Government tightens restrictions

In response to the surge in cases, Putrajaya reimposed movement restrictions with several states and federal territories going under a CMCO again while people returning to the peninsula from Sabah were made to quarantine for 14 days.

The restrictions were coupled with a ban on interstate travel, hampering many economic sectors’ hopes of kickstarting an early recovery from the pandemic.

SPM postponed for third time

Major secondary school examinations, including Sijil Pelajaran Malaysia (SPM), were postponed for the third and last time in November. The SPM exam finally started on Feb 22, 2021.

The exams were first postponed from Oct 5 to Nov 16 due to the MCO and then to Jan 6, 2021 to give students more time to study.

Interstate travel reopens, but CMCO remains

In a surprise move, Putrajaya lifted the ban on inter-district and interstate travel on Dec 7, despite the CMCO in Selangor, Kuala Lumpur and Sabah being further extended.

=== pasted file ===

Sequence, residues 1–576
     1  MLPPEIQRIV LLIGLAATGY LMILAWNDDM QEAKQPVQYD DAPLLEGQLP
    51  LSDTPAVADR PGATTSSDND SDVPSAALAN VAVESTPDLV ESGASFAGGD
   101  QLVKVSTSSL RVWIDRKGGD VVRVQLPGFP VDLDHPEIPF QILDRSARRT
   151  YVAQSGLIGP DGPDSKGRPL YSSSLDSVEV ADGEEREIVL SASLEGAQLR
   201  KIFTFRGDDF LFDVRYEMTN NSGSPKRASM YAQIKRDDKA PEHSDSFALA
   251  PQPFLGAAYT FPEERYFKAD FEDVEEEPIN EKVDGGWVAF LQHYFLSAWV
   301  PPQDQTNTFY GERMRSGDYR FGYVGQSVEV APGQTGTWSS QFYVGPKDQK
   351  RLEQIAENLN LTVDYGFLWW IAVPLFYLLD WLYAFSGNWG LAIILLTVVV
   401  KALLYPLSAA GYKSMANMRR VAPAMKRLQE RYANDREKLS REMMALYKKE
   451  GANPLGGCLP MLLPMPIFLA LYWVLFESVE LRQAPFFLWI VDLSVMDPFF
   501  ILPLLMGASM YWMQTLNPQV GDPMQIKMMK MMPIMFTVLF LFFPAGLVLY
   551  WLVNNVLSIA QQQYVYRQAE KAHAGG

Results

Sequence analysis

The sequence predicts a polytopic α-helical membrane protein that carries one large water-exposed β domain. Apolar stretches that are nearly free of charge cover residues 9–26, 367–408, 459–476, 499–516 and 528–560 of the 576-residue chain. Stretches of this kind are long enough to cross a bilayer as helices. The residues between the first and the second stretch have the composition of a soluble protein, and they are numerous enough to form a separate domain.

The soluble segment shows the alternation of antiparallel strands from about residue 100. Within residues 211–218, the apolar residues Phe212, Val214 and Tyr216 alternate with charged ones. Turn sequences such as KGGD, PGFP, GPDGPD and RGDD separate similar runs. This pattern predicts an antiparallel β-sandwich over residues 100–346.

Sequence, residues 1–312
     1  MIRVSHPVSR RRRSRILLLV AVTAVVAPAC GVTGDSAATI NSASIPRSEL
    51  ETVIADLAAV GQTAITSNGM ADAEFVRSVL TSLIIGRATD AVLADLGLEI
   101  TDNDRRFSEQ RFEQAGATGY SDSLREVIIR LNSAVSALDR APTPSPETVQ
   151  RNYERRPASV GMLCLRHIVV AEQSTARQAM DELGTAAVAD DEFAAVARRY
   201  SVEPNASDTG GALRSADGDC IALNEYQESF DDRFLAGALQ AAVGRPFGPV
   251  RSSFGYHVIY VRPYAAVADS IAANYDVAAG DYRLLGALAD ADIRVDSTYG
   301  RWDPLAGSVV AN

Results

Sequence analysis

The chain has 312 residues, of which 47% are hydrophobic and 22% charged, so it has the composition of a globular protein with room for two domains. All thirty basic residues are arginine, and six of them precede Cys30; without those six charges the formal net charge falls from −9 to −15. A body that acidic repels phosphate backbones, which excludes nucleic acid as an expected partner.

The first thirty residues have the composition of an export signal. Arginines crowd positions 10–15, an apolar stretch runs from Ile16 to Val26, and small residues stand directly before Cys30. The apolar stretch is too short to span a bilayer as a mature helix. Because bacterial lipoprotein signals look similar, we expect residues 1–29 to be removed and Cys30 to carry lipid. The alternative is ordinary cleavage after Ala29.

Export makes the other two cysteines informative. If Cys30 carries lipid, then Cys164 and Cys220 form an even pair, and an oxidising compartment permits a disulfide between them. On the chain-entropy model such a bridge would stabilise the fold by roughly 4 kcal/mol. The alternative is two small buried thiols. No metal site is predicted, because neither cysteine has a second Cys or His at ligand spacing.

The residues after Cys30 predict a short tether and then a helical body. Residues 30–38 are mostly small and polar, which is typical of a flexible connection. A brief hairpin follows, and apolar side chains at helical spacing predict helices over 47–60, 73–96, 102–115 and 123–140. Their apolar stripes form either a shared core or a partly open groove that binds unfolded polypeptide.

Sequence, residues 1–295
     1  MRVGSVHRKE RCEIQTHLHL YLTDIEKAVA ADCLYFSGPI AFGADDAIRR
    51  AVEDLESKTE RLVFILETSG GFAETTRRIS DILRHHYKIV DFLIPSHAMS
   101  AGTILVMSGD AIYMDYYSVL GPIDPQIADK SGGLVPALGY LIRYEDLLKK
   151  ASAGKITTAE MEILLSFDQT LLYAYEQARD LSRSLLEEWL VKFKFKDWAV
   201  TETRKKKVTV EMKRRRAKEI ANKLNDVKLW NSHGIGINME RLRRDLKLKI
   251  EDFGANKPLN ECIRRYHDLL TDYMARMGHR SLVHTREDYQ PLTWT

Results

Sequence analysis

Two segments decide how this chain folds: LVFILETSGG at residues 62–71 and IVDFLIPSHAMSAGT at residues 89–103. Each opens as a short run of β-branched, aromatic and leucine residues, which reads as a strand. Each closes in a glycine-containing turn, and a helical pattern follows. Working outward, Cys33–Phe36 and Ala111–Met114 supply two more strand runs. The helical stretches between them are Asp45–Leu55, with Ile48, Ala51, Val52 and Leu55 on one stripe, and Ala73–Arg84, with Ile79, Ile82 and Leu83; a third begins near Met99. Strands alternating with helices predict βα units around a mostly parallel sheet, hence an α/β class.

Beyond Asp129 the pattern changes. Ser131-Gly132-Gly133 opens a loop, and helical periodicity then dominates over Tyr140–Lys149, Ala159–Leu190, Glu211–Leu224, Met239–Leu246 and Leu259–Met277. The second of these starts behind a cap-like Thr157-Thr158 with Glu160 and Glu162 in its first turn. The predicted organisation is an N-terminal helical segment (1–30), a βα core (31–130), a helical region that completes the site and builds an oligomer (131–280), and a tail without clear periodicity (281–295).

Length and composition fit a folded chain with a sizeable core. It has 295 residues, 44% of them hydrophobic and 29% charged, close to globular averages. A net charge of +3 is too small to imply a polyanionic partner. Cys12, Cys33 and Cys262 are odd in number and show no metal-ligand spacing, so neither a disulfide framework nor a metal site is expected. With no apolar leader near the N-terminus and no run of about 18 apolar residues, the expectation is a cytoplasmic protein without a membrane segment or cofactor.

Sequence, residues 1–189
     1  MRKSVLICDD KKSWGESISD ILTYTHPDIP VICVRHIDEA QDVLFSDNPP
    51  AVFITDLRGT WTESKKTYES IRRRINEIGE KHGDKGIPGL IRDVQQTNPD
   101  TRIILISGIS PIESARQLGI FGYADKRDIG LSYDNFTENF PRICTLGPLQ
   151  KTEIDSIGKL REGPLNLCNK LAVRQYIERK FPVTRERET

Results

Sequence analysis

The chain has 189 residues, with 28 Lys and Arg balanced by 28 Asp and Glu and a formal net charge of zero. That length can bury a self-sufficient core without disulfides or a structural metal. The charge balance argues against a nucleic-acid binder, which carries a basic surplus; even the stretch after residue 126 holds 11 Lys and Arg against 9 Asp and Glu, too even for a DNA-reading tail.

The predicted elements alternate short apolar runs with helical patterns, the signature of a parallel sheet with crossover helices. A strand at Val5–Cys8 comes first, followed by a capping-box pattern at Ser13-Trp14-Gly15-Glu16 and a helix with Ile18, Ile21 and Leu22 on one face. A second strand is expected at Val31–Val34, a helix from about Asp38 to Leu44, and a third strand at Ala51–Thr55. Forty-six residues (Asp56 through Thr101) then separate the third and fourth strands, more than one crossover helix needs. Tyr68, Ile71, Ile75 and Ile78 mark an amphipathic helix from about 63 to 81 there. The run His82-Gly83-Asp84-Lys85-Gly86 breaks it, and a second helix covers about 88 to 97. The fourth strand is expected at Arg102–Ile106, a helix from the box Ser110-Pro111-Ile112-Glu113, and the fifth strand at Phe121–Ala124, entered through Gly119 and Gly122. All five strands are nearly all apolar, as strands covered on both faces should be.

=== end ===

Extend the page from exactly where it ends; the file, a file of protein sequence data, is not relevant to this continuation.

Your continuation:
The government said this decision was made after taking into account the need to balance health and economic concerns.

New year, new MCO

With Covid-19 cases rising even more than before, with infections in factories particularly rampant, the government reimposed the MCO in five states and the three federal territories, although with fewer restrictions than the first lockdown. Dubbed MCO 2.0, it would later be extended to the entire nation, except for Sarawak.

Breaking local Covid-19 records

During the MCO 2.0, Malaysia reported a record-high of 5,728 cases on Jan 30, while the highest number of deaths were recorded on Feb 18, with 25 fatalities that day.

The highest number of clusters reported was 19 while the most daily recoveries was 5,718, both on Feb 16.

Vaccination programme rolls out

The government started rolling out the national Covid-19 immunisation programme on Feb 24, with Muhyiddin becoming the first person in Malaysia to get the jab.

In what the nation hopes to be the first step towards normality, the programme will be rolled out in three phases: first for frontliners, then senior citizens and high-risk individuals, and finally, the rest of the population aged 18 and above.

No more blanket MCO

On the eve of the first anniversary of the original MCO, the government announced that there would be no more blanket MCOs. Instead, there will be localised lockdowns.

Muhyiddin also announced a RM20 billion Pemerkasa package aimed at revitalising and jumpstarting the economy.-FMT